The Australian, originally signed up until that tournament, is now tied to Twickenham until 2021 but the RFU are wary of what happened to Stuart Lancaster and England at the last tournament in 2015.
Jones’s new deal contains a performance clause and although the RFU are coy about what constitutes success, a repeat of their dismal early exit in their own tournament would surely spell curtains for Jones.
England look like being ranked No2 in the world by the time the Japan World Cup comes around, so a semi-final spot at least is a realistic expectation.
Lancaster and his assistants signed contracts until 2020 before the 2015 tournament but they meant little when they failed to make it out of their pool.
The new RFU chief executive Steve Brown has shown a very un-English trait in stating that his aim is to win the World Cup.
And Jones is expected to deliver in Japan or he will be heading out of the Twickenham doors and the search for his successor is already on.
But Brown was keen to stress the union were not preparing to fail by putting the clause in Jones’s deal.
“There are always key objectives and targets you have to deliver and if you fail there is inherently a performance element,” he said.
“But we’ve been quite explicit given the nature of what this is about pretty much from Eddie’s appointment – to get back in shape to win the 2019 World Cup. So it wasn’t a difficult discussion.
“It’s complimentary rather than at odds. This is not a plan for failure, it’s a plan for success.
“A part we learned from the past was the performance break clause we would need to have in the agreement. We have been clear about that. Eddie and I have had discussions and we are really clear about what that break clause means if we don’t succeed in 2019.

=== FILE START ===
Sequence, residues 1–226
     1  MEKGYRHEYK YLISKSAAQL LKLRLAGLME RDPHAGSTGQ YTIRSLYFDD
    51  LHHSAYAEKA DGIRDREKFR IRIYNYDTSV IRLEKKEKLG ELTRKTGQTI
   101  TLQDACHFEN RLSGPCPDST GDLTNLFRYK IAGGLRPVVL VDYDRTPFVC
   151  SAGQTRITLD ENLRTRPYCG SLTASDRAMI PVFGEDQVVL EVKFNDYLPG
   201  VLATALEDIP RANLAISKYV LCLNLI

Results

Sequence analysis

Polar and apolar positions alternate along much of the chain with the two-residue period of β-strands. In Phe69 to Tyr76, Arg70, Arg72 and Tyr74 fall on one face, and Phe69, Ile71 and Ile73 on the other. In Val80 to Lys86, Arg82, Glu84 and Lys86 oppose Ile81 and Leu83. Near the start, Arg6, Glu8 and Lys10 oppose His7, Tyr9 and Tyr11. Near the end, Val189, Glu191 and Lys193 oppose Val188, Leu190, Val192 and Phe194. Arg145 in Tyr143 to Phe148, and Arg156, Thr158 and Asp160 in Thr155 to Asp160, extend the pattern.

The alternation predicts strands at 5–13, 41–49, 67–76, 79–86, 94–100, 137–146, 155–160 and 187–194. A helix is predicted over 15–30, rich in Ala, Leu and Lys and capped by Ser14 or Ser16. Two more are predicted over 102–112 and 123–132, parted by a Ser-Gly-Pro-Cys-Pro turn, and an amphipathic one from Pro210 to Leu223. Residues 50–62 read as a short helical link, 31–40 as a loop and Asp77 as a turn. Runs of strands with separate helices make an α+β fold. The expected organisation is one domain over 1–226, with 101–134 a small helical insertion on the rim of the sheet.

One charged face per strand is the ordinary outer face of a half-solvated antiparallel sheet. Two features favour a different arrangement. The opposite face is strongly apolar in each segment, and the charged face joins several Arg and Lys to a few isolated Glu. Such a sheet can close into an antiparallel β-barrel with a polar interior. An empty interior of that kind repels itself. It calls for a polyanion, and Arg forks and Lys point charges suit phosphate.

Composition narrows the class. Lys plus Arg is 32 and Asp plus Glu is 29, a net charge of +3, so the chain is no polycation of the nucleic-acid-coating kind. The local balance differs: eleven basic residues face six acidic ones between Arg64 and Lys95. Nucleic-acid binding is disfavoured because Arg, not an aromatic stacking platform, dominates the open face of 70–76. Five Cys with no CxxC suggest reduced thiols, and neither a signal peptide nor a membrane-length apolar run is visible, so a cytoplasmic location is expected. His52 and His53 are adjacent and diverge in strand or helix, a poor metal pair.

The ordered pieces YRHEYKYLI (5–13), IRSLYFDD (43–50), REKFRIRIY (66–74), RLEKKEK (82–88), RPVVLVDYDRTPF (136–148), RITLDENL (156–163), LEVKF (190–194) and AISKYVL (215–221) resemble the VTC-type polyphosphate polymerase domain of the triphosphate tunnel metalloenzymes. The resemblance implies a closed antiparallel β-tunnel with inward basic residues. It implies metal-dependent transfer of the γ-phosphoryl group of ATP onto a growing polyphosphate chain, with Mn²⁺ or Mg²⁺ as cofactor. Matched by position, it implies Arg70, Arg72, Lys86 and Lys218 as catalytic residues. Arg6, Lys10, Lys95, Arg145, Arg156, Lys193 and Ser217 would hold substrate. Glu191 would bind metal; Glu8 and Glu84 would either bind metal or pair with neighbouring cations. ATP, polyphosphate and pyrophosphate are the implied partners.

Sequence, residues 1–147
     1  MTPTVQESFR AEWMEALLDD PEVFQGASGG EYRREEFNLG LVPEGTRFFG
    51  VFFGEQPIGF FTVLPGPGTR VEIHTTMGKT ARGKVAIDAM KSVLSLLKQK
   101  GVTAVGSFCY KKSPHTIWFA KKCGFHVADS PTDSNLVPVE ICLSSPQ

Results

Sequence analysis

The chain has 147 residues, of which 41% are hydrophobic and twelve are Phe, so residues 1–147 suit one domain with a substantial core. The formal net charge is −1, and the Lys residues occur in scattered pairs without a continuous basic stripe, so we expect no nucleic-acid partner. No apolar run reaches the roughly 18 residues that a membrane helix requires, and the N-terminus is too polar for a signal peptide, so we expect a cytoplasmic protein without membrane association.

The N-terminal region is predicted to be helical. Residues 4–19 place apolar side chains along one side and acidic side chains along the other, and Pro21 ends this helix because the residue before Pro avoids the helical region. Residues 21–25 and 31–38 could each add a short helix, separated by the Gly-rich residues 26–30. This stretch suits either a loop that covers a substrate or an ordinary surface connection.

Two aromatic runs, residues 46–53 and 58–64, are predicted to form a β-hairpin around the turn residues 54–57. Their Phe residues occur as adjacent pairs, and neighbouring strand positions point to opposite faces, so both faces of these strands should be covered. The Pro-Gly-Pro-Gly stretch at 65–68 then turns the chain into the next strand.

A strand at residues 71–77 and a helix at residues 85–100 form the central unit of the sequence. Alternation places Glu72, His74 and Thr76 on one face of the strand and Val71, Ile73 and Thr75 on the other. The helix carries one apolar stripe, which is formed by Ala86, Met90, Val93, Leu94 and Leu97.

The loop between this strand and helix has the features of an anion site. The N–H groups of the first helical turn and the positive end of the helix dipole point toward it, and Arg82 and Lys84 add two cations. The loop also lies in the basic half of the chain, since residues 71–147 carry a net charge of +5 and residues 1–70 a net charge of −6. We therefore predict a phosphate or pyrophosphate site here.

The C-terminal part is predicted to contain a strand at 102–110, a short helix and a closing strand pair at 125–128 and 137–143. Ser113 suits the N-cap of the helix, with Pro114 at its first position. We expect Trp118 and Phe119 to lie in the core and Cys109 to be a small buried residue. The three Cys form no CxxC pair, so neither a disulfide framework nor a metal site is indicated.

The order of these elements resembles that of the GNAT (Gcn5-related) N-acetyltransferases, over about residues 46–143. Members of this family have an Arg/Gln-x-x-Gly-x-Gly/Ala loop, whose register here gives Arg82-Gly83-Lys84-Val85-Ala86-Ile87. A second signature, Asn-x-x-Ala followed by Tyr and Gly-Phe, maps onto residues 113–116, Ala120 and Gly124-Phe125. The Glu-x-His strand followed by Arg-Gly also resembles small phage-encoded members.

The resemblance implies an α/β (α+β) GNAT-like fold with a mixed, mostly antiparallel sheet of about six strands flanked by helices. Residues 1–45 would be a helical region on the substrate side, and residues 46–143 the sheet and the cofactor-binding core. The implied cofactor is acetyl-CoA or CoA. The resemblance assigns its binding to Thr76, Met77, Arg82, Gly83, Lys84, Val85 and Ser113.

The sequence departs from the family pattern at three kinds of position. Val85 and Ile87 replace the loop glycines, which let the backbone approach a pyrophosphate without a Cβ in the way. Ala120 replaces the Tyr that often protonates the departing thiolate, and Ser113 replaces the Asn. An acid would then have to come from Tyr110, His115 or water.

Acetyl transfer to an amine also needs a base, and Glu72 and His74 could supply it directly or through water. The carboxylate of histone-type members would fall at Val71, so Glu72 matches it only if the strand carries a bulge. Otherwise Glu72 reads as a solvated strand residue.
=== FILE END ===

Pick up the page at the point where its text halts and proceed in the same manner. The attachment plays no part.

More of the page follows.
“The focus completely is on winning the World Cup. There are some specific elements of that contract that are not appropriate to share but we are very clear about what those terms are and the outcome if we do not succeed.”
The RFU want to appoint the man to replace Jones in the 2019-20 season so he can work in tandem with the Australian and learn the ropes ahead of the 2023 World Cup.
It is a similar system to one employed by the All Blacks whereby Steve Hansen succeeded Graham Henry in 2011 after being one of his assistants.
Rob Baxter, the Exeter director of rugby, is flavour of the month after winning the Premiership last season and has already toured with England, to Argentina in 2013, under Lancaster.
England have never had a succession plan in place. The closest they have come is when Andy Robinson took over from Clive Woodward in 2004 after the World Cup-winning coach stormed out of the job.
Brown will consult with Jones about who to bring in so that the handover in 2021 is as seamless as possible, but said the new man does not have to be English.
“We absolutely needed a succession process, we have not had that before,” he said. “In the past we have tended to have this disruptive reset of our coaching teams at the end of every four-year cycle. We wanted to avoid that and also have a smooth transition into the next head coach.
“This is the best possible solution for England. It’s a plan for success but also a plan for succession, which is pretty key and a first for the RFU.
“We have learnt so much from having Eddie in this role. We want the best coach for England, not necessarily the best English coach.”
Whoever England bring in Jones was quick to remind them of the pecking order while he is still in the job.
“As long as I’m head coach I have the ultimate say. That’s quite simple,” he said. “When I am not the head coach I will not have the ultimate say, so it could not be more black and white than that.”